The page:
Google took the consumer electronics world in July by storm with the announcement of the Google Chromecast HDMI Streaming Media Player, a digital media dongle available at the unbelievably low price point of $35.
The arrival of the Chromecast was a big surprise for several reasons. I keep on top of all the tech rumor sites every day, and I hadn’t heard so much as a rumor that Google was working on a media dongle, much less one for $35. There’s also Google’s very checkered record when it comes to hardware releases, which included the “Nexus Q,” another media streaming device introduced in the summer of 2012 that was ultimately cancelled before release.
But the Chromecast was something different: A super-cheap streaming solution, controllable from a smartphone or tablet, and a product that was released the day it was announced. In addition, it offered “browser-casting” from the Google Chrome browser on a computer. That, and the low price point, led to the Chromecast’s instant popularity.
One morning the week it came out, I called several local Best Buys. Most had none available, except one had nine of them, from a new shipment. I went at lunch that day- two hours after the phone call- and they were all long gone.
After I ordered it online and waited about a month for the shipment, I’ve now been using the Chromecast for about three months, and the device has its pluses and minuses. But with the exception of its inclusion of YouTube- which is owned by Google, of course- there’s not a lot about the Chromecast that I prefer over my trusted Roku LT. I have kept the Roku in my living room, with the Chromecast finding a home attached to my living room TV.
Here’s how it works: The Chromecast is a tiny dongle that attaches to a TV’s HDMI port- it’s so tiny, in fact, that since the day I attached it to my TV I haven’t even looked at it. It connects to your home Wi-Fi network, and can be controlled from an iPhone or iPad. There’s a Chromecast app, but I’ve found I control the device mostly from within the Netflix and YouTube apps.
So what’s good about the Chromecast? It’s easy to use and the interface is excellent. It’s not buggy; it works, every time I try to use it. The small size and small price are to recommend too; it’s cheaper than the least expensive Roku device and most other competing streaming boxes, Apple TV included. When my kids roll into our room at 6 a.m. and demand a cartoon, dialing up a Daniel Tiger’s Neighborhood episode on Netflix via the Chromecast is much easier than navigating those awful cable on-demand menus.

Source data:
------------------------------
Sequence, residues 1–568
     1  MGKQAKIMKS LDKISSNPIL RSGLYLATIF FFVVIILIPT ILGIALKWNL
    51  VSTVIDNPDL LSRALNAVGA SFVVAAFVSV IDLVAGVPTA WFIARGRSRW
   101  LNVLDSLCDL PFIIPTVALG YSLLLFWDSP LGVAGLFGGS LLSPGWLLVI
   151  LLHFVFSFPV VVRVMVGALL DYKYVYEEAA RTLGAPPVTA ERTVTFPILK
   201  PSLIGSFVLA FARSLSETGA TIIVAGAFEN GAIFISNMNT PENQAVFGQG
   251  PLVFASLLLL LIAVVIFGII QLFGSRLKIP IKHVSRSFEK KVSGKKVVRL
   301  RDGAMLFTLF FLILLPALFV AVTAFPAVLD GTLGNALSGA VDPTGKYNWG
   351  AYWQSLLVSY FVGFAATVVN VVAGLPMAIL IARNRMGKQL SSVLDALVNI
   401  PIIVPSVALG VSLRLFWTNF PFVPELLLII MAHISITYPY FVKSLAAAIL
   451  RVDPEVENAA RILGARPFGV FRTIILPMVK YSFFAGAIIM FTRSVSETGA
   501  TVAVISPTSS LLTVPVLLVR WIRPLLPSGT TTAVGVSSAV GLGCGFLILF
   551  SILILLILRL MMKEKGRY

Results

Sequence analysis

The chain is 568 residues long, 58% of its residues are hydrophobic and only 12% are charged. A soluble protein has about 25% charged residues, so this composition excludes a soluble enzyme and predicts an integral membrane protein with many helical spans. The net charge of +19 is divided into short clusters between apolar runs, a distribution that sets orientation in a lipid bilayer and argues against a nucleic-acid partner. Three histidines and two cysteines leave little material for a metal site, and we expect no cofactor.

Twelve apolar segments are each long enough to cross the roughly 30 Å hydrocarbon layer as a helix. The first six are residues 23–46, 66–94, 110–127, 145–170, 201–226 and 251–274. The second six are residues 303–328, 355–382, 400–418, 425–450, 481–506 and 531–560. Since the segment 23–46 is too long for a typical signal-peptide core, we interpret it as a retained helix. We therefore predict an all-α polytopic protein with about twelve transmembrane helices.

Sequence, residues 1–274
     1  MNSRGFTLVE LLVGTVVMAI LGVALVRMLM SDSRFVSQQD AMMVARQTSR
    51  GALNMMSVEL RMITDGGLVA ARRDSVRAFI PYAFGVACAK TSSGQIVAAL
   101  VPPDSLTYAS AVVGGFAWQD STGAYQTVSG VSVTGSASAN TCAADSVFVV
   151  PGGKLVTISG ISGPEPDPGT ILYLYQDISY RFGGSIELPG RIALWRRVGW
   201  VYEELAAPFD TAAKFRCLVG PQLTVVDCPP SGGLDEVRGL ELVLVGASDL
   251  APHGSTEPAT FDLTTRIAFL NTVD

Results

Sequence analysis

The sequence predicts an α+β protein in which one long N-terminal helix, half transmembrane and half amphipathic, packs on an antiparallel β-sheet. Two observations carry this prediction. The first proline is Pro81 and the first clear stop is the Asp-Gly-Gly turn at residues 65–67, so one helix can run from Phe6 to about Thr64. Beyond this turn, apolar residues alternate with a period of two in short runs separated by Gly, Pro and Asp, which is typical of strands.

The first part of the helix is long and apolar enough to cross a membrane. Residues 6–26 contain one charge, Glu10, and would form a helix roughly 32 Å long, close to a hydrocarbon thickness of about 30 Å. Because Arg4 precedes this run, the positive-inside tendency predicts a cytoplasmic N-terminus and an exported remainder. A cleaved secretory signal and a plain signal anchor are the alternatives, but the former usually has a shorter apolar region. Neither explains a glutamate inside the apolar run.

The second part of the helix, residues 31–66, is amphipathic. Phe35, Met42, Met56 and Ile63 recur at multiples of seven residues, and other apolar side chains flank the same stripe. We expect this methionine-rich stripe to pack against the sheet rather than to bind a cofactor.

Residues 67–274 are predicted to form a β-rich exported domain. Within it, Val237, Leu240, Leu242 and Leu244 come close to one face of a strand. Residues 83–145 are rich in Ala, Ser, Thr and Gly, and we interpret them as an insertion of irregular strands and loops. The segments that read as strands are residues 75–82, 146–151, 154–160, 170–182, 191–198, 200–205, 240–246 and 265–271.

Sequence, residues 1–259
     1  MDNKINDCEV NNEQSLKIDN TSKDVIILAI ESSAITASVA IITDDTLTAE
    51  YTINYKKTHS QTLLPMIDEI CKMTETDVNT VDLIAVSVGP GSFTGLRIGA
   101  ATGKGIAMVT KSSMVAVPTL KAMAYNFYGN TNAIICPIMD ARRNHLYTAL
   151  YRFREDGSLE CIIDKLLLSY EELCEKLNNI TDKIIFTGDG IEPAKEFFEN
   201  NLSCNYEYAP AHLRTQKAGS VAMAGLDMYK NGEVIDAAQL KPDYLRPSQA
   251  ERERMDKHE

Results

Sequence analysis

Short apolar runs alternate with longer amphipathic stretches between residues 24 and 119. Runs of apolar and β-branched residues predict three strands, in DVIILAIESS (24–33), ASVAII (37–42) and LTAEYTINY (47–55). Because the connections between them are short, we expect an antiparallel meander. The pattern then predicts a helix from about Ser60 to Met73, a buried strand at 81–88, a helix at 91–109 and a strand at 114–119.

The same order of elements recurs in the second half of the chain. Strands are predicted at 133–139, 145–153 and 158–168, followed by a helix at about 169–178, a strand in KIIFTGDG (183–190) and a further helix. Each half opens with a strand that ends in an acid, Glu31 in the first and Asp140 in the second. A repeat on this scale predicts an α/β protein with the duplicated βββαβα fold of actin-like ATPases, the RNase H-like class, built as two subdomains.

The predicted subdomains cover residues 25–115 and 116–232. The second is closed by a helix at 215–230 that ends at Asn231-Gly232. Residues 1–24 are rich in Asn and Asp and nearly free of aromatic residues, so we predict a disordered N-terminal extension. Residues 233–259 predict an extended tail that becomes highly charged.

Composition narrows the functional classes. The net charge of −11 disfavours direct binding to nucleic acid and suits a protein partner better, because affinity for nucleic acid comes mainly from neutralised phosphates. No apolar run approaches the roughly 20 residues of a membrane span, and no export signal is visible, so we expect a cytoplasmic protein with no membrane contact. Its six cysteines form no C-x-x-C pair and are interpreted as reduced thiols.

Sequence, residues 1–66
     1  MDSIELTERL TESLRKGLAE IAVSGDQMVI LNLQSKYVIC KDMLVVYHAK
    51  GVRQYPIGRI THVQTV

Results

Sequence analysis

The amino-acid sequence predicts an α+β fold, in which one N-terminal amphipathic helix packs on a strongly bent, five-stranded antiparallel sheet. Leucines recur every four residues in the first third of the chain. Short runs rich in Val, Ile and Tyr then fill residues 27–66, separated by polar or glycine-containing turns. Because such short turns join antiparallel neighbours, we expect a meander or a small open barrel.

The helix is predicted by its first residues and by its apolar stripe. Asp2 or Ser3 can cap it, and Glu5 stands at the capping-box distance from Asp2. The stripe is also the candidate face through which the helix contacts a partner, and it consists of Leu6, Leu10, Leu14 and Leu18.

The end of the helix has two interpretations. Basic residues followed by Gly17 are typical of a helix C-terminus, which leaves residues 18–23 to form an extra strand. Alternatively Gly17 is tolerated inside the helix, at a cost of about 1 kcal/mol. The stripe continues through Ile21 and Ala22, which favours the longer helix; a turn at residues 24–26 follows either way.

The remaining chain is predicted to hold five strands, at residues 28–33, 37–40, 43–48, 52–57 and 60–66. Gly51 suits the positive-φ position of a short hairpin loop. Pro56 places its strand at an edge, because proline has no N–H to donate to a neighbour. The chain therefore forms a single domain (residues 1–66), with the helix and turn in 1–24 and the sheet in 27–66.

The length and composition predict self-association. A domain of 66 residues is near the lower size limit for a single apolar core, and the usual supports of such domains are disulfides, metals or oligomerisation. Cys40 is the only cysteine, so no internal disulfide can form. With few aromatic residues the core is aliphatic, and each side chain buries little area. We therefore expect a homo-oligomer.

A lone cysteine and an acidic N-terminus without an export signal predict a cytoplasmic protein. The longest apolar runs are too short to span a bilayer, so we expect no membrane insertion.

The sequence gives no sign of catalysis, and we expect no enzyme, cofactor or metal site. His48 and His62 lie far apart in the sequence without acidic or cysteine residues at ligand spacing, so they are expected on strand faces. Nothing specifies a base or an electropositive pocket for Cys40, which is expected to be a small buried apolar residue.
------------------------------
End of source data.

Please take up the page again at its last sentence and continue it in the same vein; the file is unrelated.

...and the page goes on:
The drawbacks, though, are plentiful, starting with the woeful collection of apps. The Roku, for instance, offers access to hundreds of apps. Chromecast launched with only Netflix, Google Play Movies, TV and Music and YouTube, and has since added Hulu Plus and Pandora.
Sure, if the brief era of Smart TV has taught us anything, it’s that there are only a handful of TV apps that people actually use. But the Chromecast omits Amazon, HBO Go, Facebook, Twitter and Spotify, as well as every major sports app. It also doesn’t allow streaming of native content.
So overall, do I recommend the Chromecast? If Netflix and YouTube are the only streaming apps you care about- and yes, for many people, that’s the case- than it’s a good gateway for streaming. It’s also perfectly fine for a kitchen or bedroom TV. But if you’re interested in streaming everything there is to stream, and have no other options, go for the Roku instead.
Google Chromecast streaming dongle